Everything ends as quickly and suddenly as it begins. All of a sudden, you hear a bird, and just as suddenly that ends—it's over. If you notice, this isn't only true of birds singing, but of most things: Something shows up, and just as suddenly it disappears. Life is coming and going quickly, cleanly, and sometimes without our even noticing it. Life happens, and it happens by suddenly showing up and just as suddenly disappearing.
Of course, some things that show up have a longer lifespan, but even those are in constant flux during their lifespan and eventually disappear. Experiences that last awhile never remain the same while they last: If you are watching the clouds, they are constantly shifting, and then they are gone. If you are watching a ballgame, every second is different, and then it's over. If you are eating a meal, every bite is different, and then it's gone. If you are in a relationship, every moment, day, week, and year is different. Nothing stays the same. Whether it comes and goes quickly or more slowly, nothing remains the same.
The mind doesn't like it when that fun, exciting, or pleasurable moment is over. It also doesn't like the deterioration of the body as it ages, which is a more long-term phenomenon. The body is a good example of something arising and beginning a course of constant change and eventual demise. The mind clings to events, experiences, or images that have passed away, or tries to, but it can never win that game. What's over is over and can't be regained. The mind tries to retain experiences and things through memory, but memory is a poor retaining device. Like a sieve, most of the experience is lost and what remains is a poor substitute for life.
The comings and goings in life are life. What is life, if not these comings and goings? Life, by definition, is alive, not static, and what makes it alive is this amazing parade of events and experiences coming into our awareness and passing out of our awareness. Change is what is most constant and reliable about life.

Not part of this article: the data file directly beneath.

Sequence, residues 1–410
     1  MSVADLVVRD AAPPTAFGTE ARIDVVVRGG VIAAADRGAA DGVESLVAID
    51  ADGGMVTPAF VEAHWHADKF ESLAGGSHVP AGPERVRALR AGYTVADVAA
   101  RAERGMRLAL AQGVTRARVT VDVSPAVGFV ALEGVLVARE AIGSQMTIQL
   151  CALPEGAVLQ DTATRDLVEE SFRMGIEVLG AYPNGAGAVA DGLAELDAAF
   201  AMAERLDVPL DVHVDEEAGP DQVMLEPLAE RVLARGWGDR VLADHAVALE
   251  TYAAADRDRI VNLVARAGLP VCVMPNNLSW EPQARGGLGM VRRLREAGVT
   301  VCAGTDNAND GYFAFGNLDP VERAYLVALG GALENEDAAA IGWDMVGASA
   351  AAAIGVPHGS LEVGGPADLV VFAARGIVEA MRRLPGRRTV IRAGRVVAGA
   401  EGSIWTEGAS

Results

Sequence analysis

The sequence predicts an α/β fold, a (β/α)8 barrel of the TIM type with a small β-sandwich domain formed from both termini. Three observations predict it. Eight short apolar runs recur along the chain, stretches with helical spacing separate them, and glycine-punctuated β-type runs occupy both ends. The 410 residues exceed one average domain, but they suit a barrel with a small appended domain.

We can always trust life to change. What we can't trust is that something will remain the same. So when the ego wants and insists that things not change, it's a ridiculous demand, like a child throwing a tantrum at the sun for coming up or going down. The ego doesn't have an accurate sense of its own power, or lack of it. Like a spoiled child, it wants its way with life. The ego doesn't believe life should be any other way than its way, so it fights with life, resisting it at every turn. And at every turn, it meets change: death and birth happening in small ways and in bigger, more dramatic ways.
Once we have seen the truth about life—that everything is constantly dying or ending and giving way to something new—it becomes increasingly difficult to argue with life. The secret to making peace with life is being willing to see the truth about it. Instead of giving your attention to what your ego wants life to be, give your attention to life itself, and you will find yourself unable to struggle against it.
The truth about life is easy to accept once we abandon the ego's perspective. Once we drop out of our thoughts about life and into real life, all this coming and going is just fine. In fact, it's beautiful, interesting, exciting, mysterious, and amazing. Life is good just the way it is and always has been. How silly that the mind goes on so about it! All is well and always has been. It is as it is.
From Living in the Now: How to Live as the Spiritual Being That You Are by Gina Lake